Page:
The Green Light To Go Green: introducing the winning essay of the 2021 Chambers Student Essay Competition.
By India Hartstonge
How can law firms take meaningful steps to address their carbon footprint?
An interest in ESG initiatives and investments continues to burgeon, with financial institutions increasingly offering green loans, sustainability-linked loans and other financial instruments that promote environmentally and socially sustainable economic activity. Law firms are not only required to adapt to advise on the ESG issues of their clients, but are facing growing pressure from both prospective and existing clients to similarly improve their own approach to corporate social responsibility.
Against this backdrop, it is imperative that law firms take meaningful steps to address climate change and reduce their own carbon footprint. Unresponsiveness does not just threaten the environment but the very viability of law firms as businesses. Accordingly, we can argue that true progress can – and will – only be achieved when law firms pursue a coordinated and multifaceted strategy, leveraging technological advancements and knowledge gained from remote working during the Covid-19 pandemic, to radically transform the way in which their services are delivered.
Seeking to engender large-scale, consequential change, law firms should be emboldened to employ legal technology in a way that not only advances the digitalisation of their services by reducing dependency on paper, but also allows for the continuous, verifiable, and reliable analysis of their commitment to decreased carbon emissions. This can be achieved by using or developing SaaS (Software as a service) platforms like ‘Greenomy’, which work to simplify sustainability reporting for companies seeking to comply with ESG and sustainability regulatory disclosure requirements. Capable of processing a company’s raw data, such as miles travelled, electricity used and plastic waste generated, this type of technology can measure a firm’s progress against key performance indicators to produce a customised report outlining their future objectives and priorities. This allows law firms to better identify where improvements need to be made, facilitating targeted growth within a tailored ESG framework, and expediting the shift to cleaner practices. By providing objective data, ESG-related LegalTech may also curtail future accusations by regulators of greenwashing, enabling law firms to prove that the claims made are substantiated, as well as promote their contributions to mitigating climate change to attract more environmentally conscious clients.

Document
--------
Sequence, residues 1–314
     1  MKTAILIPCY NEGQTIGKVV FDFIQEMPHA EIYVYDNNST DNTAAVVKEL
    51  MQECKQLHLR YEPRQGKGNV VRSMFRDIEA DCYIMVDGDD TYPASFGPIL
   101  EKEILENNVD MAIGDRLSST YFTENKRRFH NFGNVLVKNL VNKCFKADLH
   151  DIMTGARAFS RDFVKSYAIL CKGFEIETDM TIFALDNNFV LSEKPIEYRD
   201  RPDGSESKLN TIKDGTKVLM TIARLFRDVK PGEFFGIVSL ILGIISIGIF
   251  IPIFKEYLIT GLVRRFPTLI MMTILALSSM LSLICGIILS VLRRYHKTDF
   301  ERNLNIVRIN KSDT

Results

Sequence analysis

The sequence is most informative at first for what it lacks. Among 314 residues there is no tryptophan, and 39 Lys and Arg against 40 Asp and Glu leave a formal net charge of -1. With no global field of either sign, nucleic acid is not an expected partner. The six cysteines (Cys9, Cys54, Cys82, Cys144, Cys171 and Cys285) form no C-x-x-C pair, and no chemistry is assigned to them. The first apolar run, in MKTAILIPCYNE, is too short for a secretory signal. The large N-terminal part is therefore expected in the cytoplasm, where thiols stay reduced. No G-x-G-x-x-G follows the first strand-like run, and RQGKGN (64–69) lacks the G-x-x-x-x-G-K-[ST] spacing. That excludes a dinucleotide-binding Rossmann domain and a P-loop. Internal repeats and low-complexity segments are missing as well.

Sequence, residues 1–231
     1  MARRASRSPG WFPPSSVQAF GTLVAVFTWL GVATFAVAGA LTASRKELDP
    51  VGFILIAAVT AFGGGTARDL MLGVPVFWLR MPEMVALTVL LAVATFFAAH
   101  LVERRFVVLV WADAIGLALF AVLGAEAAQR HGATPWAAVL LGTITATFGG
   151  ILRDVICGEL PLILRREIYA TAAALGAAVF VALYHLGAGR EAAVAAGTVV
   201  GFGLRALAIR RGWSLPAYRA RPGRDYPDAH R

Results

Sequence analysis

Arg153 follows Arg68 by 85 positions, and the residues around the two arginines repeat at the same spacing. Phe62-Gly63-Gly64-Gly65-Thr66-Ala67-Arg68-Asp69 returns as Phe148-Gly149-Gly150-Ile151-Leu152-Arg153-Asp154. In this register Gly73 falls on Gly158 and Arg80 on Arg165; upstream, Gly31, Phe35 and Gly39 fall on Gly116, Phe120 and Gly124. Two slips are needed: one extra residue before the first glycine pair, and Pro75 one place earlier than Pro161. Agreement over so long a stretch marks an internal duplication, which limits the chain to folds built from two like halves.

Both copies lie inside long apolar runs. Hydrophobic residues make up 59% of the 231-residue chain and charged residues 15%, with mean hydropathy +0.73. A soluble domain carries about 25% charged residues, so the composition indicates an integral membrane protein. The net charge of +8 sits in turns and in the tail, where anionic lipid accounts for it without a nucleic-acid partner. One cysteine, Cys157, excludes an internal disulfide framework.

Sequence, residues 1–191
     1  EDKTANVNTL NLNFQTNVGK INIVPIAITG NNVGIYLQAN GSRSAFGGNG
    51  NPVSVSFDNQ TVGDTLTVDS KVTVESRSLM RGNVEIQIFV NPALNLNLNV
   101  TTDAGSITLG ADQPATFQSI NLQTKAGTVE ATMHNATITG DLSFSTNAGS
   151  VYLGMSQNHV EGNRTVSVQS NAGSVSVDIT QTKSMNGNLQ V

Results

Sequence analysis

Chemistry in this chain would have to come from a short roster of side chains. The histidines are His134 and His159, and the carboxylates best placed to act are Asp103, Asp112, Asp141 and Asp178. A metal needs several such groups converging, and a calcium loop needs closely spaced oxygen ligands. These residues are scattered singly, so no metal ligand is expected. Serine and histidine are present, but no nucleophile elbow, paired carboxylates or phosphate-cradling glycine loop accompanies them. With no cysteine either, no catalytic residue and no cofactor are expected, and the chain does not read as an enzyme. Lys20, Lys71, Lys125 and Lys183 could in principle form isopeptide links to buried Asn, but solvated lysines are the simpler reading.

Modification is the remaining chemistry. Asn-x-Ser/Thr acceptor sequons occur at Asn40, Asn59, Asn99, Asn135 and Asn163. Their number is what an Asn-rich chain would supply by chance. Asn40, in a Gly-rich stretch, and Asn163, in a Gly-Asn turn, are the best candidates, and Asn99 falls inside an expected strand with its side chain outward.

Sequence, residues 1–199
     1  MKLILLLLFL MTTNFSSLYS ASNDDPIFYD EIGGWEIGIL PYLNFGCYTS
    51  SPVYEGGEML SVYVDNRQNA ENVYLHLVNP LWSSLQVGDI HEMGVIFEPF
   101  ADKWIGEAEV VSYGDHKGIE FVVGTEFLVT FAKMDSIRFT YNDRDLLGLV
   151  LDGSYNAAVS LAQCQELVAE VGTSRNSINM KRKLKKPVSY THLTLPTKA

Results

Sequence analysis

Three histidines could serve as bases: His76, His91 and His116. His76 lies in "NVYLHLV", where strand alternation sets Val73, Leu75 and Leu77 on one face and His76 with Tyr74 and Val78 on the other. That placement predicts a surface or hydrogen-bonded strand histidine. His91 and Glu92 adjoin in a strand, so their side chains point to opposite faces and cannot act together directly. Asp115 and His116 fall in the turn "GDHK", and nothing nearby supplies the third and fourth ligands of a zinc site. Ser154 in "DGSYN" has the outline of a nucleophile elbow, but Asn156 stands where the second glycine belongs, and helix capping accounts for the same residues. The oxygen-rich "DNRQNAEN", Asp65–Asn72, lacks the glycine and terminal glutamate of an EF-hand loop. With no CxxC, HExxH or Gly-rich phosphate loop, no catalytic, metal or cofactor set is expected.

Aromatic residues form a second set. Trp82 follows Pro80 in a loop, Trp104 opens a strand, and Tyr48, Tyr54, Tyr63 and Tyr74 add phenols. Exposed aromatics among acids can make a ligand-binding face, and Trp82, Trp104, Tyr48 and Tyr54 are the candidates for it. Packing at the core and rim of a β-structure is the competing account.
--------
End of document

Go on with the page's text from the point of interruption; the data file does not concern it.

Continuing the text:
Where air miles are concerned, particularly in practice areas characterised by considerable cross-border work (e.g. international arbitration & dispute resolution), law firms should use videoconferencing as a substitute for travel where possible. The position for unchecked travel appears to be an increasingly untenable one: the Campaign for Greener Arbitrations estimated that nearly 20,000 trees would need to be planted to offset the carbon emissions that just one arbitration would produce.
Covid-19 has demonstrated that bundles can be collated electronically and hearings, witness testimonies and cross-examinations can be conducted digitally. With this in mind law firms should be galvanised into devising long-term technological replacements throughout all practice areas and offices. This would not only enhance collaboration and cohesion within the firm, but also improve work efficiency, as time formerly dedicated to travel can be used to complete more valuable tasks.
Not to be neglected, law firms’ graduate recruitment services require a similar overhaul if their carbon footprint is to be reduced. While law students certainly enjoy stockpiling complimentary firm merchandise at every law fair they attend, or savouring canapés at an open day, the transition to virtual events precipitated by the pandemic has revealed that equally fulfilling experiences can be had from the comfort of our homes. These events not only minimise material and food waste, but also democratise access to industry knowledge by allowing students from all over the world to participate in events without contributing to GHG emissions through travel. Law firms would be remiss to revert to traditional talent attraction methods now that lockdown restrictions have eased. Instead, they should capitalise on students’ familiarity with digital platforms to offer virtual work experience programmes (e.g. Forage) and webinars throughout the year, fostering brand awareness and interest without having to spend on plastic pens and paper notebooks.
Although implementing these solutions will prove to be a formidable undertaking, impacting conceivably every area of work, they will be instrumental in ensuring the business longevity and competitiveness of a law firm. If firms can demonstrate their resilience by overcoming the challenges posed by climate change, exploiting opportunities for innovation and improvement in the process, clients will appreciate that the law firm is likely better placed to fulfil a similar function for them, anticipating and mitigating their own risks to help them achieve their commercial objectives. Law firms can only view this as a green light to go green.